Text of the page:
• Title Drop: Parodied in one sidequest, where a suspicious ronin might comment that you’re dedicated to the way of the samurai, before adding a “four” in brackets, and then another set of brackets, containing a “ha”.
  • Villain: Exit, Stage Left: When fighting against main characters during the multiple story paths, many of them decide to flee when they lost the fight. Though in most cases, many of the characters you fight aren't true villains, merely antagonists in the particular paths you chose. Played straight with the Kinugawa sisters, who are truly vile. Melinda is the only main character fought by the player to subvert this trope. The first time you fight her in each of the story paths will end in you killing her, unless you decide to hit her with the blunt side of your weapon, in which case she will play this trope straight.
  • Well-Intentioned Extremist: The Prajna's can be seen as this. They fear that the British try to take over Japan with their foreign ways. In their eyes, they are defending Japan from a foreign threat, while other people see them as nothing more than xenophobic terrorists. The Big Bad Kinugawa tries to portray himself as this, saying the cruelty he inflicts is to restore public order and peace in the city. In truth, he is an enormous sadist, who simply likes to inflict misery upon other people.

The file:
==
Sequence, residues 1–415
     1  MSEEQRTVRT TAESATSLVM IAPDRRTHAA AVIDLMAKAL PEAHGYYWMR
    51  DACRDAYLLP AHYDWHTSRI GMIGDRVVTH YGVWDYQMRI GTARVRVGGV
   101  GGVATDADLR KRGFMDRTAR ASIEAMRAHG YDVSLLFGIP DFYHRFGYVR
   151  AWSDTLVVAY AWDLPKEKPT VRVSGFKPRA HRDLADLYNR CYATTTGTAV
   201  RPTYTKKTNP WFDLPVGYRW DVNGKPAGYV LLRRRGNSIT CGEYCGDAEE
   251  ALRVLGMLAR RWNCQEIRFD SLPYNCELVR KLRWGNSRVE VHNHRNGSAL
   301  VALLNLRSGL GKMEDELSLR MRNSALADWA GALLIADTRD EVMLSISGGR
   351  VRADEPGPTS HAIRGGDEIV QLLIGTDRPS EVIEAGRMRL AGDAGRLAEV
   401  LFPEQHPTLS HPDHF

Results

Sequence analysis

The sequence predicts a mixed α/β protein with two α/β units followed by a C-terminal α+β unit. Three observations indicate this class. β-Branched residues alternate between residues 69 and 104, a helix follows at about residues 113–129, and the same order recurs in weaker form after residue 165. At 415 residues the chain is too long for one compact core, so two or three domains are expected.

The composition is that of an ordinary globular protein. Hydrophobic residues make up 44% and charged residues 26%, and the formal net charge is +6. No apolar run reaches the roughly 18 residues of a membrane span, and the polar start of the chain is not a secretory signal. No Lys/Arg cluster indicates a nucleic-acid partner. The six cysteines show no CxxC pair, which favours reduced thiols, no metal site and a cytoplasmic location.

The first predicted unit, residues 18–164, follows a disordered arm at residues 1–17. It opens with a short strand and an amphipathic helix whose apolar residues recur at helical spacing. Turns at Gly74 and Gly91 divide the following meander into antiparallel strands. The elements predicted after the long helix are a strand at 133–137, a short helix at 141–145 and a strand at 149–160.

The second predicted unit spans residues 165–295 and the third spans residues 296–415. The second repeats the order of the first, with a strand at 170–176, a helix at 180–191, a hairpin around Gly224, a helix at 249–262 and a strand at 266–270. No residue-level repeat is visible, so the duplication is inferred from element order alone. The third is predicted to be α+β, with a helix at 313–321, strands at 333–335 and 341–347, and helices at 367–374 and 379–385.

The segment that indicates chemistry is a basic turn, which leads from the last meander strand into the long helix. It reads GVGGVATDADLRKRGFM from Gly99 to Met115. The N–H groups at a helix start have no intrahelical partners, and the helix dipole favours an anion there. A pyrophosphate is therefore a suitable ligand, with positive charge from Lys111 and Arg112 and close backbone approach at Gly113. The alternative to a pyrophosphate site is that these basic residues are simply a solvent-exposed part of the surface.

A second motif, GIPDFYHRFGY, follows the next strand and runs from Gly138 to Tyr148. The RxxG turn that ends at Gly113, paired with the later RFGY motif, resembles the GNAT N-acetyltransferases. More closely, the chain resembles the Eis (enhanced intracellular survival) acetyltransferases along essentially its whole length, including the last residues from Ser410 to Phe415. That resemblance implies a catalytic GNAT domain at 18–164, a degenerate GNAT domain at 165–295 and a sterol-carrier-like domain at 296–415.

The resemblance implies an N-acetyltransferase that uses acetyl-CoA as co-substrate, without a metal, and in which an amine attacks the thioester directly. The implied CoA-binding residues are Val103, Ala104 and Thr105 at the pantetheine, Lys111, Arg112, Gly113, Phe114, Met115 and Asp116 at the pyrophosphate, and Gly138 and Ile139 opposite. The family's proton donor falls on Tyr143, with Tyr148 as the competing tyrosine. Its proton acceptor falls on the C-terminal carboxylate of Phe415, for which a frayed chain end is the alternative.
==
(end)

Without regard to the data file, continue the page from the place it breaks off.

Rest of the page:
• White and Grey Morality: In the 4th game. The anti-foreign rebels are just trying to protect their nation's sovereignty, while the British diplomats are simply trying to establish peaceful relations with Japan. The Chief Minister and his daughters, however, are about eleven types of crazy.
  • A Winner Is You: The "As A Demonscale" ending is for players who win the game but completely miss the plot, and comes with a bland "the samurai joined the Demonscales and served the Shogunate with honor" blurb that has absolutely nothing to do with the game proper.
  • Zerg Rush: Almost every faction in the game likes to throw large amounts of minions against you. To name a particularly ridiculous example: When you try to prevent a small group of constables from evicting the homeless from their preferred residence, the leader of the constables seemingly summons every constable in the city against you. Just because you tried to protect a bunch of homeless people.
Top

Example of:

/
/

Feedback